Things More Likely Than Bigfoot, Part 1

As we await the definitive proof of the existence of Sasquatches (Sasquatchi) to clear peer review and be published, we here at Foster Disbelief will pass the time with a new series: Things More Likely Than Bigfoot!

For part one of our series, we will travel to Zarozje, Serbia, by way of Salon:

“One should always remain calm, it’s important not to frighten him, you shouldn’t make fun of him,” said villager Mico Matic, 56, whose house is not far from the collapsed mill.

Oh, a collapsed mill?  My interest is peaked!  Who is this mysterious “him.”

Some locals say it’s easy for strangers to laugh at them, but they truly believe.

“Five people have recently died one after another in our small community, one hanging himself,” said Miodrag Vujetic, a local municipal council member. “This is not by accident.”

Five deaths, one by hanging?  Outsiders laughing at the superstitious locals?  I can feel the hair on the back of my neck standing up.  Do go on.

“He is just one of the neighbors, you do your best to be on friendly terms with him,” he said with a wry smile, displaying garlic from both of his trouser pockets.

So apparently you will be fine if you just treat this mysterious “him” in kind ways, as any other neighbor.  I’m sure, however, this “him” is vicious if you cross him.  Wait.  Did he say garlic?

“The story of Sava Savanovic is a legend, but strange things did occur in these parts back in the old days,” said 55-year-old housewife Milka Prokic, holding a string of garlic in one hand and a large wooden stake in another, as an appropriately moody mist rose above the surrounding hills. “We have inherited this legend from our ancestors, and we keep it alive for the younger generations.”

Yes, he said garlic.  And she is holding a wooden stake.  Which means that old Sava is a, wait for it, vampire!  (Cue ominous music.)

But before you reach for your crosses and stakes, prior to making a trip to Whole Foods for some garlic cloves, realize that these locals may not be warning you of this vampiric menace out of the purest of motives.  Just like American politics, this is all about the money.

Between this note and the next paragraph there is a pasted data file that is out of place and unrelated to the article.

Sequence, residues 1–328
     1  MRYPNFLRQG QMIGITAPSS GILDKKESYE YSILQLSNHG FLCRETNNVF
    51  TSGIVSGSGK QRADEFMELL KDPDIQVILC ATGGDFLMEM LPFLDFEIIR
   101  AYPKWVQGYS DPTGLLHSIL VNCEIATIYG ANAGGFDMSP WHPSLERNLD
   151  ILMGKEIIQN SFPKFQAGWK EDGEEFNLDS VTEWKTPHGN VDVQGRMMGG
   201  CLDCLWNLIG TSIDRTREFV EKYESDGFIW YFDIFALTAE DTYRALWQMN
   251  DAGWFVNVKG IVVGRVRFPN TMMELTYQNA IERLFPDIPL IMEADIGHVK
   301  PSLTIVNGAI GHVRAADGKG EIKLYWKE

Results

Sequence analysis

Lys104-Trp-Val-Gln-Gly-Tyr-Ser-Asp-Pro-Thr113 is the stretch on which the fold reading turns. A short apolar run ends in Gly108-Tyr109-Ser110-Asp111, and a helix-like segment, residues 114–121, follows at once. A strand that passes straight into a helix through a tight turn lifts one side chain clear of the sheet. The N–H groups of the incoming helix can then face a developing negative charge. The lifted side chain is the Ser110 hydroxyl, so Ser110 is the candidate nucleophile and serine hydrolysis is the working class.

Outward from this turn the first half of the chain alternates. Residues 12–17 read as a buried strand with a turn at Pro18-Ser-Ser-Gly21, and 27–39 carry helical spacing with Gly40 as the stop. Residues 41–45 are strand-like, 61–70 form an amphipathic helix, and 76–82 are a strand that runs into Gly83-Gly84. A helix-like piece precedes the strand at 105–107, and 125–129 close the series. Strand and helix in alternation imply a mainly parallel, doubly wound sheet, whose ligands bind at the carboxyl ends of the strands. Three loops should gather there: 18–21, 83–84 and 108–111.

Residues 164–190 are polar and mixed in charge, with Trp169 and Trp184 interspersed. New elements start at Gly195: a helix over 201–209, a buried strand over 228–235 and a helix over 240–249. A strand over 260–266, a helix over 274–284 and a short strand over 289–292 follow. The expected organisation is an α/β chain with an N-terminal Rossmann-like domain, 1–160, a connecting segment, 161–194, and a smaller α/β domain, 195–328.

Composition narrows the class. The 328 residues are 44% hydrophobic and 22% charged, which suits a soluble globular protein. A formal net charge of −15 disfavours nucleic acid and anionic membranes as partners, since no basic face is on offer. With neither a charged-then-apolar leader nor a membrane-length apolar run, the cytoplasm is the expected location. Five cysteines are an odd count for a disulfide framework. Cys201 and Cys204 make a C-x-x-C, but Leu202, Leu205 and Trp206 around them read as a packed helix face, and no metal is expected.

They say rumors that a legendary vampire ghost has awakened are spreading fear – and a potential tourist opportunity – through the remote village.

A local council warned villagers to put garlic in their pockets and place wooden crosses in their rooms to ward off vampires, although it appeared designed more to attract visitors to the impoverished region bordering Bosnia.

Remember the council member talking about the five deaths earlier?  His further statements:

Vujetic, however, said that “whatever is true about Sava,” locals should use the legend to promote tourism.

“If Romanians could profit on the Dracula legend with the tourists visiting Transylvania, why can’t we do the same with Sava?”

If you are planning to travel to Europe next year, stop by this region and spend a little money.  It is an impoverished region, and the people in the area have been through hell with the conflicts and war that have taken place in Serbia and Bosnia.  You can hear a vampire legend and go on a vampire search, and help people massively less privileged than yourself.

Who knows?  You may even run into Sava himself.

It is more likely than Bigfoot, after all.



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